Posted on December 7, 2018
Recently we had an opportunity to spent a few days at Salt Fork State Park. It’s located in eastern part of the state and is Ohio’s largest state park at 17,000 acres encompassing a landscape of forested hills, open meadows, valleys, winding streams and a large serpentine lake. It’s a park that’s new to us with a name that is said to have been derived from a salt well located in its southwest corner that was used by Native Americans. Early December is not the busiest time and the park system was offering a senior discount in an effort to rectify that problem. With leaves mostly on the ground and their colors fading fast it is not the best time of year to experience nature’s beauty, but if one loves to hike and explore we thought “the deal” was too good to pass up.
A short afternoon hike after our arrival revealed that recent wet weather had resulted in trails that were wet, and in spots very muddy, but perhaps what was noticed most was that, with the exception of the call of a distant crow or a nearby chickadee, the woods were completely silent.
During our stay we had the opportunity to explore various trails and the playful sound of small streamlets could often be heard as they made their way down gullies and around moss-covered rocks.
Fortunately there were “wildflowers” to enjoy but not the kind one goes in search of in early spring woods.
Moss covered rocks and fallen cypress needles provided the most vivid color seen.
A longer hike took us by an old stone house on our way to Hosak’s cave and waterfall. The house was built by Benjamin Kennedy, an early settler to the region, around 1840. With the exception of the lake the surrounding landscape probably looks a lot like it did then.
The morning of our departure we were greeted by two inches of fresh snow. In the stillness it was magical.
The lodge, all decorated for the holidays with the warm glow of fireplaces in cozy locations, was lovely. The food, be it breakfast, lunch, or diner, while not French cuisine, was reasonably priced and very good. The staff was very friendly and helpful.
At times nature’s beauty, found when not expected, speaks to us in a whisper.
Thanks for stopped by.
Category: Central Ohio Nature, Central Ohio Parks, Columbus, hiking in central ohio, Nature Photography, Ohio Nature, Salt Fork State Park, waterfalls Tagged: Bald Cypress, Crowded Parchment, Great Blue Heron, Ground Pholiota, Holly, Panasonic FZ200, Panasonic G3 14-45 mm lens, Red-orange Mycena, Turkey Tail
Posted on July 26, 2015
With the amount of rain we’ve had recently it seemed like a great time to visit Clear Creek Metro Park to see what fungi might be making an appearance. The park is unique, located about fifty miles southeast of Columbus in an area where the last glaciers stopped their southward advance. It’s 5,300 acres of woods, sandstone cliffs, ravines, and creeks are home to hemlocks, oaks, and hickory. As we left Columbus we were hoping to discover some things not seen closer to home.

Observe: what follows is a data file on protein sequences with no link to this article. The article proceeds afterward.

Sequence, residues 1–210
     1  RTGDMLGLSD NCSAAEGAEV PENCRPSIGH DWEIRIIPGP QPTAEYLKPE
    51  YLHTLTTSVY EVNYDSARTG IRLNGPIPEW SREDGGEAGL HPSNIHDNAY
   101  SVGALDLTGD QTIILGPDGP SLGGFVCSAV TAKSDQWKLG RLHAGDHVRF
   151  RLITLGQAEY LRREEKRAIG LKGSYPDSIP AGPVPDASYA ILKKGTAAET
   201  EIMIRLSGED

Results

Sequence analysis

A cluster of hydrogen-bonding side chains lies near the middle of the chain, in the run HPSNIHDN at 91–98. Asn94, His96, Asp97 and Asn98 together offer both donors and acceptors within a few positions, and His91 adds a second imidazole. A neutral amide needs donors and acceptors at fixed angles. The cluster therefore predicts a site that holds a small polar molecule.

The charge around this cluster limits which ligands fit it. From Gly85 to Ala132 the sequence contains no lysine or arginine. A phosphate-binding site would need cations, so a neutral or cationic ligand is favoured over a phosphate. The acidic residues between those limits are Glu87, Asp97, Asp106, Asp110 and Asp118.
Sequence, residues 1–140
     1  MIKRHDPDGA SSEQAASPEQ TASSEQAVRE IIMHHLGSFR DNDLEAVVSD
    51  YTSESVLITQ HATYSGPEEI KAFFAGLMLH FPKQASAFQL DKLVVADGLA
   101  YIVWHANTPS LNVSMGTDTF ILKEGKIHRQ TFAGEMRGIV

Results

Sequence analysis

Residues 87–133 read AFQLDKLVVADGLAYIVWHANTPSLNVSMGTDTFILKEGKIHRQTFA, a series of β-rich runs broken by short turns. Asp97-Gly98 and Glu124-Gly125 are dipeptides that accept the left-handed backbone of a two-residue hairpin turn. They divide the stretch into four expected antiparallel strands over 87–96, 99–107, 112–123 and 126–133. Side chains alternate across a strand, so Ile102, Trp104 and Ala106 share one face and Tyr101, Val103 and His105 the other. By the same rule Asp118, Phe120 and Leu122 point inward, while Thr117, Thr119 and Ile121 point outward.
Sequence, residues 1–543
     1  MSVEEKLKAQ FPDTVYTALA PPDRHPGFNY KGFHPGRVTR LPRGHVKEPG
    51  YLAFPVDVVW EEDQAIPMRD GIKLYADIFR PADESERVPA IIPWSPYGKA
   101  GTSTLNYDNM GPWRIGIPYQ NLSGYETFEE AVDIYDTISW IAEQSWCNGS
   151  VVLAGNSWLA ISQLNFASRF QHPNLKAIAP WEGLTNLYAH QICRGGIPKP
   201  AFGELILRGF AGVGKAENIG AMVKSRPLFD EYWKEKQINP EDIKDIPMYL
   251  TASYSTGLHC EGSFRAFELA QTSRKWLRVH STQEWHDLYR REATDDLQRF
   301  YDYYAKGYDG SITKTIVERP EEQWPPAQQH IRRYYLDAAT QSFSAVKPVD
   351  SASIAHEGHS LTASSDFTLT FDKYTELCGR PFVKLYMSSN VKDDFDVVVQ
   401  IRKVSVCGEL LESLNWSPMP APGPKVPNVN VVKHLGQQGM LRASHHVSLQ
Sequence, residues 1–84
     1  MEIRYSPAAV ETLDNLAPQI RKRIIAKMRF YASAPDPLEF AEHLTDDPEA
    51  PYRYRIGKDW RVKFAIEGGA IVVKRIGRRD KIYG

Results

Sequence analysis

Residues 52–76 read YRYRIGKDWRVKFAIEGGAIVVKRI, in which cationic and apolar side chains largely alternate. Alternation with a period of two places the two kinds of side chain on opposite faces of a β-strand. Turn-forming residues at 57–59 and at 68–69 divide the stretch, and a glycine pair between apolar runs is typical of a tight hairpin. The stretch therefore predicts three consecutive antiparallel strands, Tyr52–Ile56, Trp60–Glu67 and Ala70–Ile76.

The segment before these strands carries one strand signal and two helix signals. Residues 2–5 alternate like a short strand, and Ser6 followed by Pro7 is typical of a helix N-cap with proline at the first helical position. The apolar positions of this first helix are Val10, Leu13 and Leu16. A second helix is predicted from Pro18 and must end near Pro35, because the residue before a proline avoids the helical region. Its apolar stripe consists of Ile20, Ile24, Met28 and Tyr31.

It was still early when we arrived and everything was wet from a recent rain. The air was cool but the humidity was very high. Given these conditions, we were drenched in perspiration for most of our five mile hike, with glasses and viewfinders fogging up every time we attempted to take a photograph. On this particular day, it was the price of admission.
Interestingly, the first thing seen was lichen growing on the roof of a visitor information board not far from where we parked.
Leaving the lichen, we began a rather steep assent into the woods and immediately started seeing fungi. This continued throughout our hike of the Creekside Meadows, Fern, and Cemetery Ridge trails. Seeing so many unfamiliar fungi, the challenge soon became one of trying to figure out we were looking at.
As if all the fungi were not enough, wildflowers were also making their presence known.
. . . and while not flowers, pretty nonetheless.
Given that flowers and many other plants were in abundance, butterflies and moths were easy to spot.
While not our main objective, we did hear a lot of birds and even managed to see a few.
At the end of our hike, we were in awe of the things seen. Many were first’s for us in Ohio. It had been a magical day.
Thanks for stopping by.
Category: Central Ohio Nature, Central Ohio Parks, Clear Creek Metro Park, fungus, nature, outdoors, photography, Wild flowers Tagged: Apricot Jelly, Berkeley's Polypore, Boletes Family, British Soldier Lichen, Brown Thrasher, Chanterelles, Coral Mushroom, Crowded Parchment, Downey Rattlesnake-plantain, Downey Skullcap, Eastern Wood Pewee, False Coral, Great Spangled Fruitillary, Hooded Warbler, Hummingbird Moth, Jellied False Coral, Lepiota, Oswego Tea, Panasonic FZ200, Panther Mushroom, Pink Polypore, Pipevine Swallowtail, Powder-cap Amanita, Red-belted Polypore, Rosy Russula, Spiderwort, Starry Campion, Tufted Collybia, Tufted Titmouse, Turkey Tail, Woodland Sunflower
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